December 29, 2015

2015 Persons of the Year


To close out our first year, we decided that we are going to begin an annual tradition in which we will name three individuals Our Persons of the Year. Similar to Time Magazine’s Person of the Year, it is not so much of an honor as it is about acknowledging how much they have managed to shape the adult industry in the past year.  We will include a short explanation as to why we named this individual as a Person of the Year. However, we will keep with a pattern (usually) of naming two people that have had a positive impact on the adult industry and one person that has had a negative impact.

Our inaugural Persons of the Year are Stoya, Kelly Shibari, and Michael Weinstein of the AIDS Foundation.

Stoya (on Twitter @Stoya, on the web at

In late November, Stoya went public on Twitter about the sexual abuse she suffered at the hands of her ex-boyfriend James Deen. Stoya and Deen, who were porn’s preeminent power couple until their split, were thrust into the spotlight, with Stoya being labelled as a heroine for opening up about it and Deen arguably becoming porn’s biggest pariah.

To be clear, we are not naming Stoya one of our Persons of the Year out of sympathy. That would be shortchanging the impact that she has made on the industry with her revelation. With her tweet, Stoya revealed a human side to this industry, one that is often concealed by many performers because of fear of backlash, both public and private. As Chelsea Summers told The Guardian, it shouldn’t take a rape accusation to prove that sex workers can be raped.

And so Stoya stepped forward. It was a brave, novel thing to do. And it is our sincere hope that she continues to be successful in the future. And furthermore, we hope that people — both fans and critics of porn — have a new understanding of this industry. Sex workers are human beings. They are entitled to the same rights, liberties, and legal protections as anyone else. While it may take years for this disgusting stigma against sex workers and adult entertainers to decline and for respect to improve, Stoya’s 55 word message from late November will stand as a watershed moment.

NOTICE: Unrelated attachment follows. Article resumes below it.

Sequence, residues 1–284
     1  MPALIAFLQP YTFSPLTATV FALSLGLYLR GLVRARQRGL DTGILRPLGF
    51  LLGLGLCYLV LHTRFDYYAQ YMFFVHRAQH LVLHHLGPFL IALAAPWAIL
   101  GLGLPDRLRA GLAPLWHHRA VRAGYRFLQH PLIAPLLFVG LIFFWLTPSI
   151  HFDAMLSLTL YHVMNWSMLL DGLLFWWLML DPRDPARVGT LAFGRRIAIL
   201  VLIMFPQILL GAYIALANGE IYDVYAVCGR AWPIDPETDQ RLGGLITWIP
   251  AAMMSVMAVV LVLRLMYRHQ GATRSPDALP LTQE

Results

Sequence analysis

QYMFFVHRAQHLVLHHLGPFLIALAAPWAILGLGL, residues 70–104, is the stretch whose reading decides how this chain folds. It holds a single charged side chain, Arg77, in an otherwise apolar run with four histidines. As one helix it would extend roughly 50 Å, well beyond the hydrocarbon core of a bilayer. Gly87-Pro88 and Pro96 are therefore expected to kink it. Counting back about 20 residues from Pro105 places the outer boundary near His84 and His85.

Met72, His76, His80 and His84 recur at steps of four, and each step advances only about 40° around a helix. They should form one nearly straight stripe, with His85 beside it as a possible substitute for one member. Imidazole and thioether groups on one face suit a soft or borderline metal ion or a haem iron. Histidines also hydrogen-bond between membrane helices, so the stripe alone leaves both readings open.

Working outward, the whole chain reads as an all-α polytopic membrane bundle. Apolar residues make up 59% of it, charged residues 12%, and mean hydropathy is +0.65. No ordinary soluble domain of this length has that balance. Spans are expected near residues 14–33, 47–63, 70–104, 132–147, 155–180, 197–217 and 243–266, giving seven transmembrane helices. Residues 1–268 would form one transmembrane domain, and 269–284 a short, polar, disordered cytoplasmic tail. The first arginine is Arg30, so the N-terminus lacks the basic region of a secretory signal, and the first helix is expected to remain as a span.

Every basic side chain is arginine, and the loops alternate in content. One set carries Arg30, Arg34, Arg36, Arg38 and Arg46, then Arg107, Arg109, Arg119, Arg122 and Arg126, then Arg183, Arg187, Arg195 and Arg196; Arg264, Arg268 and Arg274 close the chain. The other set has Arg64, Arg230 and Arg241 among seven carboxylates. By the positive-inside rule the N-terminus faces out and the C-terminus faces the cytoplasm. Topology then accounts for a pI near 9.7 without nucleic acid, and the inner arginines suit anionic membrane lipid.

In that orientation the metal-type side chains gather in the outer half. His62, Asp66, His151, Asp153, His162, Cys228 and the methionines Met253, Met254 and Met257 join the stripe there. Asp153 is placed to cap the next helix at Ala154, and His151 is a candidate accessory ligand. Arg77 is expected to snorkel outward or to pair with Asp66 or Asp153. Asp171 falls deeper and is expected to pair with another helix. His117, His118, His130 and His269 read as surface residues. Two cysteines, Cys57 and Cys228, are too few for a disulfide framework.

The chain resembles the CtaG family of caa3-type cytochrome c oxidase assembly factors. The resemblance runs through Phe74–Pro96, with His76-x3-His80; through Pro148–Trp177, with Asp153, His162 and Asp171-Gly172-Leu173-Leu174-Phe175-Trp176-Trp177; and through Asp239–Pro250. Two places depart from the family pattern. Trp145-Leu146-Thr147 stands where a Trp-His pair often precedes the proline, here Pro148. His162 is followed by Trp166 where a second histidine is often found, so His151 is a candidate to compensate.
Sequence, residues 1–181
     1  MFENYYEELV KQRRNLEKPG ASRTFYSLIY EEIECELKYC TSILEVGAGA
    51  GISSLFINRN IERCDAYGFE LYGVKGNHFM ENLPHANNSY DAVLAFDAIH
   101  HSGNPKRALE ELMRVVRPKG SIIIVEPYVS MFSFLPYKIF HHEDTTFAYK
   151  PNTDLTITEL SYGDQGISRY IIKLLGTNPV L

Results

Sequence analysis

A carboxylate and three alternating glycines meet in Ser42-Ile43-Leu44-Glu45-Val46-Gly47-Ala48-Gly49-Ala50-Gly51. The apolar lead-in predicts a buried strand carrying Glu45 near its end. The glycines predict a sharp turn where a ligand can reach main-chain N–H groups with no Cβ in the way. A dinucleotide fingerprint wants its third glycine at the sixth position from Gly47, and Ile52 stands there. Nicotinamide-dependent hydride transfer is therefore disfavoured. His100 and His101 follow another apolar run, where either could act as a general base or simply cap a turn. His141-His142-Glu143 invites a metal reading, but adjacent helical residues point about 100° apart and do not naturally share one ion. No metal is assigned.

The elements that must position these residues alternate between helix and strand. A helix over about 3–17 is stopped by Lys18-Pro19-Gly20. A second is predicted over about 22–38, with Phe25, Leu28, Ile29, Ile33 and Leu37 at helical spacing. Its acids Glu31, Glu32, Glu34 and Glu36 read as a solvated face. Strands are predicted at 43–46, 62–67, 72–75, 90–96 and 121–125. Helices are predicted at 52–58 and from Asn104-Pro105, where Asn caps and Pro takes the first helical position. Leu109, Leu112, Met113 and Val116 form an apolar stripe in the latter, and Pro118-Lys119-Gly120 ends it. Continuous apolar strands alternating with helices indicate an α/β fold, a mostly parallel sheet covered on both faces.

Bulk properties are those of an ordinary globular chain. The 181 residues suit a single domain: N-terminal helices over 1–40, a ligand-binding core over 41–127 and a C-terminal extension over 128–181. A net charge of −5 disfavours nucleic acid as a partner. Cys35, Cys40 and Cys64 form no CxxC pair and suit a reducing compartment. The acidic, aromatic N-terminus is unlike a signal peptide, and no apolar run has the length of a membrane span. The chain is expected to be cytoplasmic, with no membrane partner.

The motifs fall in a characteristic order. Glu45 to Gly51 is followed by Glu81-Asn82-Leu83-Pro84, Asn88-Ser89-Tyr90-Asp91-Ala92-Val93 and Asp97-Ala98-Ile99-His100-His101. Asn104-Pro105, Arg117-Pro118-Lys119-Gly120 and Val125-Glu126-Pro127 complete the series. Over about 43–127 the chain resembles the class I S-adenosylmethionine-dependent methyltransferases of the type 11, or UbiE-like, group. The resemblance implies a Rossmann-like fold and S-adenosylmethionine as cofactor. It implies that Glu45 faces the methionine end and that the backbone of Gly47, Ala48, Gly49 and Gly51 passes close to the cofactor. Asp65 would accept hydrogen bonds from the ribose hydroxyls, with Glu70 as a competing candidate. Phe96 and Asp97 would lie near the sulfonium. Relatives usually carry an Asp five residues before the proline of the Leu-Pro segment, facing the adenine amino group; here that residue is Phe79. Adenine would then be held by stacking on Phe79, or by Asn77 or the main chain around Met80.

Kelly Shibari (on Twitter @kellyshibari, on the web at

Well hello there… 😉

A photo posted by Kelly Shibari (@kellyshibari) on

Kelly has always been a trailblazer in BBW porn and one of the few plus-size models to achieve a degree of mainstream attention, especially with her 2014 appearance in Penthouse Forum. For the January 2016 issue, she appears in Penthouse’s flagship magazine, the first plus-size model to ever be featured.

In the past year, the publicist and marketer has proven that plus-size adult entertainers can be very, very marketable and a lucrative part of any adult entertainment portfolio. More over, she is proving to be a symbol that porn is ever so slowly moving away from living and dying by the stereotypical hardbody. Physical diversity is now becoming a thing in porn, and Shibari’s appearance in Penthouse and her continued work as an ambassador for plus-size entertainers will only continue this positive change.

Michael Weinstein (on Twitter at @AIDSHealthcare, on the web at

Michael Weinstein founded the AIDS Healthcare Foundation in 1986. And while he might claim that he is fighting in the best interest of the industry by pushing a state ballot initiative to mandate the use of condoms on all hardcore pornography sets in California and attempting to force the porn industry to adopt OSHA guidelines, he’s proving to hurt the industry more than anything.

His push is a blatant attempt to position himself as a “porn czar” out of a sort of “father knows best” mentality. Numerous health professionals, HIV activists, industry professionals, and trade organizations, such as the Free Speech Coalition, have all said the same thing — there’s better turfs to fight HIV and AIDS on. The adult industry has not seen an on-set transmission of HIV in over ten years, a testament to the incredible level of self-regulation by the industry, highlighted by the rigorous every 2 weeks testing standard.

Weinstein, in our opinion, is further intensifying the stigma that has dogged this industry enough through this latest political push. His actions are not constructive, and it is putting an incredible blemish on an organization that should be doing anything and everything to improve the lives of those affected by HIV and AIDS. Combating HIV and AIDS takes education and prevention, self-aggrandizing stances that perpetuates misconceptions about a complex industry.